Nearly half of all internet advertising is now mobile in the US, with total revenues from online media hitting $32.7bn in the first half of 2016, according to the latest numbers from the IAB.
The trade group today (November 1) released its latest report today proclaiming the figure an “all-time high”, growing nearly 19% over the same period last year, with mobile advertising at the center of the growth.
Spend on the medium surged 89% compared to the same period last year, hitting $15.5bn in the first half of the year, with mobile advertising now accounting for 47% of all revenues from online advertising in the US.
The report, conducted by PwC, further probed the numbers finding that within mobile advertising total search and video experienced triple-digit growth during the period, with IAB chief executive Randall Rothenberg saying the spending patterns reflected “consumers’ increasingly connected lives”.
David Doty, IAB, chief marketing officer, added: “Consumers’ appetite to enjoy media—in particular video and social media—on smartphones and tablets provides marketers with the opportunity to connect and interact with their customers while they are on the go, in a very personal environment.”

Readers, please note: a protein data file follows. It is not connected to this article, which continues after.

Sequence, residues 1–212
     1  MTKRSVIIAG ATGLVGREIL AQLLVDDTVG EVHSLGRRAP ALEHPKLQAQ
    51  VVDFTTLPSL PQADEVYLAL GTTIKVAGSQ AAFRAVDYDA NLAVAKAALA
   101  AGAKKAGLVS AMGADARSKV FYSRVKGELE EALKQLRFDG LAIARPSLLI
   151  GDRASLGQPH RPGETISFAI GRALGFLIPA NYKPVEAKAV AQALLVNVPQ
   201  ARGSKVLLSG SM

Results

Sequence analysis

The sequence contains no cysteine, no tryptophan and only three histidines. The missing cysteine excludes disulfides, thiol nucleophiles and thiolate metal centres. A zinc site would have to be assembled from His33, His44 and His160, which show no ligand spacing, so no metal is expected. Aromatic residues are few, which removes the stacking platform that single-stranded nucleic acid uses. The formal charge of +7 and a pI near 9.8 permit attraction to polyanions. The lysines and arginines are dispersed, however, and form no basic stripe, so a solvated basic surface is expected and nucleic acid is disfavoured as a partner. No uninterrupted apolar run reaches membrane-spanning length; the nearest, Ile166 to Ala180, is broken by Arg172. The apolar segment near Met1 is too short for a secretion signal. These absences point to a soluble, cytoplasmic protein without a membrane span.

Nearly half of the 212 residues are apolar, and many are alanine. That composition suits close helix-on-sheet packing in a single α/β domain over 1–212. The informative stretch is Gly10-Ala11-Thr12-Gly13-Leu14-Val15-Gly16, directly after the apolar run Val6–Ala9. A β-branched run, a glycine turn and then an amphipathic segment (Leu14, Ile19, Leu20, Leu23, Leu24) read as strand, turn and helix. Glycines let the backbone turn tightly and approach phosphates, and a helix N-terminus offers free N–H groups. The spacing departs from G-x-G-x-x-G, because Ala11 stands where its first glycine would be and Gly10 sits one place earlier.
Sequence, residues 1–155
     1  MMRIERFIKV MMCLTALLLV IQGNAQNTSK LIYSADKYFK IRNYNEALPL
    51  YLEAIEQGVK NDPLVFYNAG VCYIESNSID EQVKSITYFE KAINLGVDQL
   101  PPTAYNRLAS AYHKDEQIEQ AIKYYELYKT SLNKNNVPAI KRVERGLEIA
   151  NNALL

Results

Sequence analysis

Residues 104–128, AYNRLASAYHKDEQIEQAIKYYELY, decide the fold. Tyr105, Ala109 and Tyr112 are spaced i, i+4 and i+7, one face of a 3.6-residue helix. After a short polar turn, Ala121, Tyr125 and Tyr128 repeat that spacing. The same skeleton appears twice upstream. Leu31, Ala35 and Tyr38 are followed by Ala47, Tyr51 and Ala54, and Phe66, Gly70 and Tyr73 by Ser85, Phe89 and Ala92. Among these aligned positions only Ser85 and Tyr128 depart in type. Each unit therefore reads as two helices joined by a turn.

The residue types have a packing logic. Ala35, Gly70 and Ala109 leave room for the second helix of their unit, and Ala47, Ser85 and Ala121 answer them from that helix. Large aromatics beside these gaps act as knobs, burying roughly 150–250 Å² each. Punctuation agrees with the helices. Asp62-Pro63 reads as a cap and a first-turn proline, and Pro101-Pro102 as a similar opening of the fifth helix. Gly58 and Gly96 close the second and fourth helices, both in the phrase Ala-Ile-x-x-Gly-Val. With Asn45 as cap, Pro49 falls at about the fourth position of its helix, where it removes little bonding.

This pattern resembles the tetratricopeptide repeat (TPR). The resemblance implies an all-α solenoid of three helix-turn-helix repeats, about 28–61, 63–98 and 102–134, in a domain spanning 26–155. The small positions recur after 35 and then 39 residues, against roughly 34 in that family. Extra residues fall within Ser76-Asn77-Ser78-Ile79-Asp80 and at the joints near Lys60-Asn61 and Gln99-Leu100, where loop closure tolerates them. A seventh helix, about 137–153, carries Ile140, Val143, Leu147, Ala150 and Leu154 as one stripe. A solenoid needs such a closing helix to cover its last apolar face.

A comparison with previous reports shows that the 19% overall growth in revenues was flat compared to the same period last year, with a further breakdown of the statistics demonstrating advertisers and media owners increasingly opting for impression-based pricing models (see chart below).
Below are some of the top line statistics from the IAB survey* of spending patterns for the first half of 2016:
-Mobile video revenues rose 178% annually to hit $1.6bn
-Mobile search rose 105% annually to hit $7.4bn
-Total digital video revenues rose 51% annually to hit $3.9bn
-Total search revenues rose 19% annually to hit $16.3bn
-Social media revenues rose 57% annually to hit $7bn
*The findings are based on the surveys of advertisers, media owners and those offering commercial online services. A full copy of the report can be downloaded here